"Your father sent me," I said.

"My father? My fucking father?"

"He sent me to bring you home," I said.

"I don't have a fucking father," Denevere said. He was a short kid but the shadows from the candlelight made him look taller.

"Your father and mother want you back with them," I said. "They want to help you. They want to fix whatever's wrong."

"They can't fucking fix nothing," he said. "They can fix shit with their fucking money."

"I tracked you a long way," I said. "They paid me a lot."

"Sure," he said. "Fucking sure. Sure they did. They want me back. They want me to play on the fucking varsity squad and learn chess and get a fucking father and son membership at the fucking country club."

"They're not your real parents," I said.

"Fuck, no."

"Okay," I said. "Fuck them. I won't send you back there."

That threw him a little. He was in the aisle now and he stopped. He still had the gun on me but he was starting to forget that he did.

"Just like that," he said. "Just like that, you won't send me back."

He had sandy blond hair cut in jagged bangs and shaved above his ears. His jean jacket was soaked with what looked like blood. Unless he had a mortal wound and was hiding it, the blood wasn't his.

Sister Mary Margaret opened her eyes. It wasn't her blood, either.

"What's going on here?" I said to Denevere. "Why are you holed up in here? How'd you get out here?"

"I hitchhiked," Denevere said. "I needed to see the Sister here."

He was maybe eighteen but he was all anger. He was years past caring about anything ever again. Maybe.

"Give me the keys to the handcuffs," I said. "And we'll get her off this thing."

"She fucking stays where she is," Denevere said.

I looked at the Sister. She was groggy but becoming more coherent. The radiator she was chained to was an old iron monster and it was beginning to hiss.

"If we don't get her off that thing," I said, "she'll scald to death."

"She deserves it," he said.


"She lied to me."

"What kind of lie?" I said.

"The fucking worst kind, you fucking prick."

I was pretty sure he didn't know he was holding the gun at all now. Outside, darkness had fallen. Father Michaels would be calling the police soon. They would only make it worse.

"How did she lie to you?" I said.

"Fuck you, man. Just shut the fuck up with your stupid fucking questions."

"I lied about God," Sister Mary Margaret said.

We both turned to look at her. Her head was hanging. Sweat was dripping off the tip of her nose. The radiator hissed behind her.

"I told him," she said, "that God would protect him. That God would be with him always."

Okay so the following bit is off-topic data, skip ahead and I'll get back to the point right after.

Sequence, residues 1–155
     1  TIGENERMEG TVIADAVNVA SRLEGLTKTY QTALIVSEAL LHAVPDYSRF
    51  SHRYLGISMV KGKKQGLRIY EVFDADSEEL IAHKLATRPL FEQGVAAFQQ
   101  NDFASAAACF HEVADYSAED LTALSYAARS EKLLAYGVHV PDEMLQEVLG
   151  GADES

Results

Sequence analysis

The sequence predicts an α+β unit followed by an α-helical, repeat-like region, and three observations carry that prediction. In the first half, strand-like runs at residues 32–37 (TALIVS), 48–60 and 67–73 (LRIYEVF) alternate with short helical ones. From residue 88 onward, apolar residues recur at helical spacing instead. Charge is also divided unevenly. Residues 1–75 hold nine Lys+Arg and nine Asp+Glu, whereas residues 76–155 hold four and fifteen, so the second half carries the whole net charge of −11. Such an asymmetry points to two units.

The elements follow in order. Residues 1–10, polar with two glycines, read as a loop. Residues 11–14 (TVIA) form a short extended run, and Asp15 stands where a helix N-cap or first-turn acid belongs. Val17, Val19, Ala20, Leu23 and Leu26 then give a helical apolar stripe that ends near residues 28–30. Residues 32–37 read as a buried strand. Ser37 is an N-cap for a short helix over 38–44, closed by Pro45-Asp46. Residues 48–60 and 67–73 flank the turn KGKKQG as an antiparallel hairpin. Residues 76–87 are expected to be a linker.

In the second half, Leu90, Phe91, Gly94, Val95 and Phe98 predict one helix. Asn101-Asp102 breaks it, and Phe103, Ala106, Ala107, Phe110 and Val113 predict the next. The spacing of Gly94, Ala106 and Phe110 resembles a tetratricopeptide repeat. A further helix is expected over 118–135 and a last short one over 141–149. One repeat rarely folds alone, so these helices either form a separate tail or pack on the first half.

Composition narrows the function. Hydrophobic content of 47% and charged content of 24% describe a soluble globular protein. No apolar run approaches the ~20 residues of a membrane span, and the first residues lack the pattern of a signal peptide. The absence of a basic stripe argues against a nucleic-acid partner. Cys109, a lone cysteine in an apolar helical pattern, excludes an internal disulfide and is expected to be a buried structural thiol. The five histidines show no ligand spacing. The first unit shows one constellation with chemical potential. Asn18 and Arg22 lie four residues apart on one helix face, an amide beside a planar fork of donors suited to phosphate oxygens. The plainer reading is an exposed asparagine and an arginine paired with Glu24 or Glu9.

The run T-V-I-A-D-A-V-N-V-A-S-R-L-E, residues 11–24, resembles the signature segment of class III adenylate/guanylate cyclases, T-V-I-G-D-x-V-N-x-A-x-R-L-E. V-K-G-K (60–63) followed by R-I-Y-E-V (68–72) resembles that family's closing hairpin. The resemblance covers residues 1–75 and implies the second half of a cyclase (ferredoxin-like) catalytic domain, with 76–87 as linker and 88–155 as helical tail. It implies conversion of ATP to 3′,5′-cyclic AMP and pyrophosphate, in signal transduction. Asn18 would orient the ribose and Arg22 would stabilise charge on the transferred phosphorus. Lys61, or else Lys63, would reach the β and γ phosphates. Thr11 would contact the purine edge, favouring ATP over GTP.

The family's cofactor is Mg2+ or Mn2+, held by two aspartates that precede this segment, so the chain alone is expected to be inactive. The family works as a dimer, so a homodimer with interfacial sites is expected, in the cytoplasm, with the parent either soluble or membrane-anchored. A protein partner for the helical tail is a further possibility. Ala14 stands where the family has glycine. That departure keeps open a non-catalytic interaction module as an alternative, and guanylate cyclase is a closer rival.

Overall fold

"That was a lie," Denevere said. "That was a fucking lie and you're a fucking lying bitch."

"I told him that he'd be safe and happy. I told him that his parents would love him."

"They fucking loved me all right. My old man loved me to death," Denevere said.

The radiator was steaming now. Sister Mary Margaret's hands were blistering. I didn't want to see her back.

"Fucking old man," Denevere said. "My fucking father."

"What about your real father?" I said.

Denevere nodded toward the blood on his jacket.

"Why hurt him," I said, "and not your other parents?"

"They didn't abandon me," Denevere said. "They didn't give me up."

"But you said your stepfather --"

"That's what stepfathers do," Denevere said. "Isn't it?"

"Keith, listen to me," Mary Margaret said. "I know we let you down. I don't blame you for hating us. But..."

"But what?" Denevere said. "But fucking what?"

"But you've got to get out of here," she said. "The police are coming. I don't want to see you hurt anymore. I've hurt you enough."

"You didn't do it," Denevere said.

"I did," she said.

"No," Denevere said. "No, Ma, I did. I did everything. I was a bad kid. That's why you sent me away."

Sister Mary Margaret turned away from him. "Lord, forgive me," she said. "Lord in heaven, forgive me."

I charged at Denevere and caught his gun arm before he could fire. I lifted him and slammed him backward against the wall. The back of his head cracked one of the stained glass windows and he dropped the gun. I slammed him against the wall a second time and he clawed at my face, scratching my eye and causing my grip to loosen. He slammed his fist into the side of my head and kicked me in the groin. I still had him by the jacket but he slipped out of it and got past me. He scrambled under the pews and came out with my discarded gun. He pointed it at me then at Sister Mary Margaret. Then at me. Back and forth between the two of us.

The blisters on her hands had cracked. There was puss oozing between her fingers. She looked Denevere in the eye. "It was a sin," she said. "What I did. It was a sin. But your birth -- that was a miracle. You were my miracle."

"Then why --" He choked on the tears that were starting to come. "Then why did you give me up?"

She stared at him. She began to cry. Soon, she was sobbing uncontrollably. Anguish was pouring out of her. Denevere pointed the gun at his own head. "Why didn't you want me?" he said.
"Because," Mary Margaret said. "Because I didn't deserve a miracle."